There’s a very active discussion on Quora, a great Q&A site, about whether computer programmers lose their mojo as they age. In a world where young coders like Facebook’s Mark Zuckerberg succeed at launching disruptive companies, it’s easy to assume this is a younger person’s game.
This debate could really apply to just about any industry with multiple generations in the workplace. The young, hungering for a chance to succeed or even a job, look at their older counter-parts and think they can do whatever better and faster. The older generation notices it’s doing things differently than when it was younger. They’re not as quick but maybe more strategic.
What’s great about the comments is that it gives you insight into how older programmers feel. It’s rare to get this kind of insight. What may have looked fast and decisive in their younger years, now looks sloppy and inaccurate. What used to be energetic, now looks unfocused and frenetic. and certainly not worth the effort with their limited time left on the planet. More meaning is what they want in their work lives:
“I’d say as programmers age, they become less Luke Skywalker and more Yoda. Does Yoda code? No, not a lot. He gets in a fight with R2D2 and tells Luke he’s an impatient pissant. Then he lifts his freakin’ X-Wing out of the swamp. Yeah, he did that. Yeah, he’s 900 years old, too. Jealous?” Steven Hugg, HeyTell guy
“I do find that my endurance has diminished. I used to be able to code for >8 hours per day. Now, I’m done after about 6. On the other hand, I get a lot more done in those 6 hours than I used to get done in >8.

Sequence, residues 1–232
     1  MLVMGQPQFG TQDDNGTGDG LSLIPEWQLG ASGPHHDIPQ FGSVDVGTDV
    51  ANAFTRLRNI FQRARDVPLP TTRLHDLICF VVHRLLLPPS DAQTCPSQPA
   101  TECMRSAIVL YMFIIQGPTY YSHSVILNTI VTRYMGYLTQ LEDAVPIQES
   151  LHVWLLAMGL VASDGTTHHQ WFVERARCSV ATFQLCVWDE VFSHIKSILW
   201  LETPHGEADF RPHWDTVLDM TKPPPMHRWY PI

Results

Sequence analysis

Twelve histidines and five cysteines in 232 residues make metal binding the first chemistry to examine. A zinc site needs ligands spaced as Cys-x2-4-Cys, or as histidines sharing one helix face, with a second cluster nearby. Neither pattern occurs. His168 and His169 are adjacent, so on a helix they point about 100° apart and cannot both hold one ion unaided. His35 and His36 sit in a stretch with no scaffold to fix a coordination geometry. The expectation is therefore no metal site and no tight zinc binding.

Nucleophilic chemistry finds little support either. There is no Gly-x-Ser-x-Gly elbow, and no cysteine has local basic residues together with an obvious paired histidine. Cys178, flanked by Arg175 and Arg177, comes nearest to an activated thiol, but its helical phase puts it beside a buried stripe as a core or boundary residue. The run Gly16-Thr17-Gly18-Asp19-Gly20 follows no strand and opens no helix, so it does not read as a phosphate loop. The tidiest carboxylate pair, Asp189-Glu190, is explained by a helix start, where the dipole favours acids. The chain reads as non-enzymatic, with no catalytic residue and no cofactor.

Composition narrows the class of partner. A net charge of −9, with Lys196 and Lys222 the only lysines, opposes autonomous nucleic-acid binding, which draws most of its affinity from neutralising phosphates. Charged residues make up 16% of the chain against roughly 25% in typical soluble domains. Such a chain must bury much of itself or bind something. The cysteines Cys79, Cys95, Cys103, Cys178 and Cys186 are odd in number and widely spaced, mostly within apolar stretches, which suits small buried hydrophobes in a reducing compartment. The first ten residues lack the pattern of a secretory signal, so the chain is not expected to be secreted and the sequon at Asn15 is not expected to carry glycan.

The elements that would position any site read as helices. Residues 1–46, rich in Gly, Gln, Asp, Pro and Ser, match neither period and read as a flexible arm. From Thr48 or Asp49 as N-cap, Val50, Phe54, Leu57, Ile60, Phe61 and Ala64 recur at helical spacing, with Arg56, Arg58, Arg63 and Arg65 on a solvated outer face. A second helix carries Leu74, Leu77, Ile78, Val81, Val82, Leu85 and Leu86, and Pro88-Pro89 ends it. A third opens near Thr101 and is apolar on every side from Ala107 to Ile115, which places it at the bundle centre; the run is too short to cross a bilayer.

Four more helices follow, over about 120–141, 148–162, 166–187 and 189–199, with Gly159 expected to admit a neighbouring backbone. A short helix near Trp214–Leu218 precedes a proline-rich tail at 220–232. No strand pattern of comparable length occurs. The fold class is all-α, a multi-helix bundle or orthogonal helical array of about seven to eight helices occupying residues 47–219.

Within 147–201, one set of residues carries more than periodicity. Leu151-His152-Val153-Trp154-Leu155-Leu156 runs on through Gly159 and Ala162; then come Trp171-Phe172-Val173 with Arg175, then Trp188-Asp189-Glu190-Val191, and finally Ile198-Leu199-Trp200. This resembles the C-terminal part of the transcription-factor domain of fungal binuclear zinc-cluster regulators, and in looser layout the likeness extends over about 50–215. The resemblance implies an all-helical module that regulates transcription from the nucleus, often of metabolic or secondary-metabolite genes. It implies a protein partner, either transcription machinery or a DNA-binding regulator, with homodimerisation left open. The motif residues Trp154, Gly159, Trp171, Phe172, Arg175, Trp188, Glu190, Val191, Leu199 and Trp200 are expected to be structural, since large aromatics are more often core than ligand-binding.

About 8 years ago, a buddy of mine and I were at a conference. Kent Beck gave a talk in which he showed Langton’s ant. At the airport, waiting for our flight back to Chicago, we noted that a batch of ThoughtWorkers (young 20-something programmers full of spit and vinegar) were racing each other to write the Lanton’s ant algorithm. My buddy and I looked at each other, opened a laptop, paired for a few minutes using TDD, got it working, and closed the laptop. The TWers were all still bangin’ on their keyboards. We smiled and sipped our gin & tonics.”Robert Martin, 59
“The world is much, much, much bigger than the world of Software Engineering. Other fields are interesting and people in other fields aren’t idiots. Once you cover enough of the software engineering landscape, it’s natural to want to expand and grow into other domains. At some point you get old enough to recognize that learning Quantum Mechanics, or Short Story construction, or Painting can be significantly more interesting than writing a Lisp interpreter for the twenty-fifth time.” Slava Akhmechet, Founder at RethinkDB
For now, that bleary-eyed young engineer is the toast of the town in Silicon Valley, just waiting for the next disruptive great idea. But, is this only a young person’s game? What do you think?
Click here to see a full-length video preview of Please Respect My Generation on how to manage five generations in the workplace.